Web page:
Robert Friedland’s Ivanhoe Mines (IVN:TSX) could get caught up, if not already, in the mess that is the South African platinum industry today. The company filed their mining right application for the Platreef project in June 2013 and if they do not receive it by the end of this month, all activities at the project will have to be suspended (depending on length of delay, expect write-downs). With an election taking place and much social unrest in the country, especially in the platinum mining sector, Ivanhoe could get caught up in the politics.
If the mining right is not granted prior to May 31st, then all work including the sinking of shaft 1 and work on the pre-feasibility study will be halted pushing out all of the development timelines as well as the timing to cash flow.
To incentivize the South African authorities, Ivanhoe recently amended its proposed broad-based black economic empowerment structure which now includes communities, employees and entrepreneurs, owning 26% of the Platreef project.
Underground work at the Kipushi zinc project in the DRC is continuing with the next stage of the dewatering which will enable them to replace the winding ropes on the shaft five conveyances and re-establish the main pumping station in shaft five at the 1,210-metre level for continuing dewatering.
Ivanhoe is focused on drilling copper zones in the Serie Recurrente zone from the 1,251m level which has continued to show positive results and has resulted in the expansion of the initial program. This new target area lies below and the east of the historical resource zone.
At the Kamoa copper project, Ivanhoe is working towards pre-feasibility after completing a positive PEA in November 2013 (after-tax NPV(8%) of $2.5 billion). Along with exploration and definition drilling the team is working to advance the geotechnical, engineering and metallurgical understanding of Kamoa for the study. For the remainder of 2014, the company plans to drill a high-grade development area in Kansoko Sud, as well as some early-stage exploration drilling in the Kakula area south of the currently defined Kamoa project resources.
The company is under a bit of a liquidity crunch given that $145.2 million of their $149.8 million in consolidated working capital is restricted for Platreef (estimated capex of $1.7 billion). Even if Platreef is delayed by the mining right issue, the company cannot reallocate these funds to Kipushi or Kamoa. Meaning these two assets are principally unfunded and their plans to develop a decline at Kamoa and underground drilling at Kipushi will cease if funding is not secured sharpish.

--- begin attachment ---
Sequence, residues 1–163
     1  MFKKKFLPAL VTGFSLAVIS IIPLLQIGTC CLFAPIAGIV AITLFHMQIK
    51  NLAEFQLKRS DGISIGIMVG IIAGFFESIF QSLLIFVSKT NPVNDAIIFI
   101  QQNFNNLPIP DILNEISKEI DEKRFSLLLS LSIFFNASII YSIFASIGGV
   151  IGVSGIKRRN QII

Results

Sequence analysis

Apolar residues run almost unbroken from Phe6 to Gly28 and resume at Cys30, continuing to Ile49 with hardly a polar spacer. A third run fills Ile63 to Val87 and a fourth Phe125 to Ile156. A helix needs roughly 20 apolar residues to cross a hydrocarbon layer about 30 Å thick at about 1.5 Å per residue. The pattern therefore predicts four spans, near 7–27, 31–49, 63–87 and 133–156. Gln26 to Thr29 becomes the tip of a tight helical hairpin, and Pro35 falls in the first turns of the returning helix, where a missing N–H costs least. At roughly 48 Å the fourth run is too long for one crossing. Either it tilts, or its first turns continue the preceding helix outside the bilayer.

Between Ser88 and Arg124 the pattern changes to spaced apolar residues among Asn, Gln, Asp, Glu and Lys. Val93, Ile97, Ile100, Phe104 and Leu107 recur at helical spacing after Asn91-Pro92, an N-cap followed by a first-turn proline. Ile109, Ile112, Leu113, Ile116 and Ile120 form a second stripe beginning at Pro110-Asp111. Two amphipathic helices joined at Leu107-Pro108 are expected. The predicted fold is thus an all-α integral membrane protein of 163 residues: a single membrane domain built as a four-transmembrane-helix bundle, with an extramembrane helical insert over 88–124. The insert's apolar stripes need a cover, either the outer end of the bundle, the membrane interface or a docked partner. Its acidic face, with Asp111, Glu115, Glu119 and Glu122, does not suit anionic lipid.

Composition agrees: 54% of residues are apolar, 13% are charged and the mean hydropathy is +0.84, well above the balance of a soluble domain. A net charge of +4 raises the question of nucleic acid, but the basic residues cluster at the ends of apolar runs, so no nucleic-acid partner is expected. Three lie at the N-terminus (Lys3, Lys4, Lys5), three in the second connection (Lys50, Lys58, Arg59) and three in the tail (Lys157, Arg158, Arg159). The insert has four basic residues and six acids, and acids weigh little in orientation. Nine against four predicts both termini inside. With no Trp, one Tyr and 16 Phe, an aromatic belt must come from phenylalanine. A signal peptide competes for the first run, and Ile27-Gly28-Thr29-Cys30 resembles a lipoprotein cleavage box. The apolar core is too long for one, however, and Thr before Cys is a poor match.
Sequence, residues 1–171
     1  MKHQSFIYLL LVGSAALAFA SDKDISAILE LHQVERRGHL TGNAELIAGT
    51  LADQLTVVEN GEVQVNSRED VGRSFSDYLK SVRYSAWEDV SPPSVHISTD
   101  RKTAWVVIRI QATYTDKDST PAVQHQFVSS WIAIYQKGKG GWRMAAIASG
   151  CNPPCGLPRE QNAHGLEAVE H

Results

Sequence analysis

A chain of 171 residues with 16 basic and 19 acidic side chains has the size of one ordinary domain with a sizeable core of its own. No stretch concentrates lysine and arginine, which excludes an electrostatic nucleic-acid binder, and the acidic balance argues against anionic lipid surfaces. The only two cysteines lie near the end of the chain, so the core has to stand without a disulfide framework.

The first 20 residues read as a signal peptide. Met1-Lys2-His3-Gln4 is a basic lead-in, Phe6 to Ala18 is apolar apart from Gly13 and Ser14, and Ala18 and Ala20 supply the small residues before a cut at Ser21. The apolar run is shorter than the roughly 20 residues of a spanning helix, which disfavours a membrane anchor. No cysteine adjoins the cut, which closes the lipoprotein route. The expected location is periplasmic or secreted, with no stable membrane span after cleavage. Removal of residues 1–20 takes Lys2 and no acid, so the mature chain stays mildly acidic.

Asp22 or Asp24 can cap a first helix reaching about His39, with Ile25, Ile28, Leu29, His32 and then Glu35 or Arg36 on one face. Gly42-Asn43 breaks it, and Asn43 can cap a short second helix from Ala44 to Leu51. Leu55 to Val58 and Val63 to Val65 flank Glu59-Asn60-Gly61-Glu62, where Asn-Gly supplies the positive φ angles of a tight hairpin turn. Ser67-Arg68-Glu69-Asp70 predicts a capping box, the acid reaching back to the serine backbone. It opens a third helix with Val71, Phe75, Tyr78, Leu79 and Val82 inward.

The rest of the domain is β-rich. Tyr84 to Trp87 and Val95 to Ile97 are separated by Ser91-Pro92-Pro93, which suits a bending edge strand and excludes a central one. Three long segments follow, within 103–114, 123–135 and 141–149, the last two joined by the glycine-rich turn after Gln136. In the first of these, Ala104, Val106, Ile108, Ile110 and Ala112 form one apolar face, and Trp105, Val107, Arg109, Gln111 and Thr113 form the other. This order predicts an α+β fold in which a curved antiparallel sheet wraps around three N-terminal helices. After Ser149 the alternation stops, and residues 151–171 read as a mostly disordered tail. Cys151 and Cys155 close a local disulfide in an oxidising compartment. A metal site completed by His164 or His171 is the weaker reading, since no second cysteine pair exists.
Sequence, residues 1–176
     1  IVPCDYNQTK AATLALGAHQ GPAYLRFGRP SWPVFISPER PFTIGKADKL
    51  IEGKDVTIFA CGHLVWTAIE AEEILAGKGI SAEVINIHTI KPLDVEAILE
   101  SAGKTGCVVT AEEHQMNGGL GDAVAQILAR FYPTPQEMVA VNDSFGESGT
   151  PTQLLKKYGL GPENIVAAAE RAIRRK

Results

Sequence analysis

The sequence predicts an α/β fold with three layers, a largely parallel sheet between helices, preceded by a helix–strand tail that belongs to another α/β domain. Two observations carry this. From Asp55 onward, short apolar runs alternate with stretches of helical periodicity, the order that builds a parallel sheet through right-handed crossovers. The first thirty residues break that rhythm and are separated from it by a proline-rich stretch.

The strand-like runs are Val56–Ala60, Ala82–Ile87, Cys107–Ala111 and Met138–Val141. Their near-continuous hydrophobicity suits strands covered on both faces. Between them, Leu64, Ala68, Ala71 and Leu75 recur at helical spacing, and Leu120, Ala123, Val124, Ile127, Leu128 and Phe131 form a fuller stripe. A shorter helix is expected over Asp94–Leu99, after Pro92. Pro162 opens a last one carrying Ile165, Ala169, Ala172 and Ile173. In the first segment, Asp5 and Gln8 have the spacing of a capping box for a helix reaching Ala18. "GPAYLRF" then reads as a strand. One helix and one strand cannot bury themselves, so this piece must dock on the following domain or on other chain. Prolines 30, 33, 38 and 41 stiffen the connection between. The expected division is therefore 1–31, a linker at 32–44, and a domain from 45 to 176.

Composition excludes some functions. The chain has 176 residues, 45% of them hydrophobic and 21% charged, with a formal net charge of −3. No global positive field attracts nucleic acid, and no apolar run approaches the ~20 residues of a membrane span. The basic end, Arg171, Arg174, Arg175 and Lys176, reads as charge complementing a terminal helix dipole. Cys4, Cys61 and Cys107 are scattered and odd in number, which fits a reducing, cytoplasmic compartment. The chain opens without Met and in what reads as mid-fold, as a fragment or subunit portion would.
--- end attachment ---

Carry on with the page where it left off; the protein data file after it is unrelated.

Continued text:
Although the financing risk is real, the fact is not only are these assets truly world-class in terms of size and grades, but also they are under the control of the single best resource developer of our time (Robert Friedland), and I would suspect financing to be addressed shortly.
At the end of the release, the potential spin-off of the South African assets is mentioned as a route the company is examining, as well as the potential for a joint venture partner on one or more of their assets.
A split may make sense and make financing the projects easier. Investors in platinum often tend to be different than those for copper and zinc. Separate companies may allow for more specialized financing options for each of the world-class projects.
Overall, Robert Friedland has financed billions of dollars for resource companies in a variety of ways in the past, including ones such as Oyu Tolgoi which was thought to be too large for him to finance (but he did). I would expect no less from Mr. Friedland on this iteration of Ivanhoe Mines.
Shares of IVN were down $0.20 per share or roughly 11%: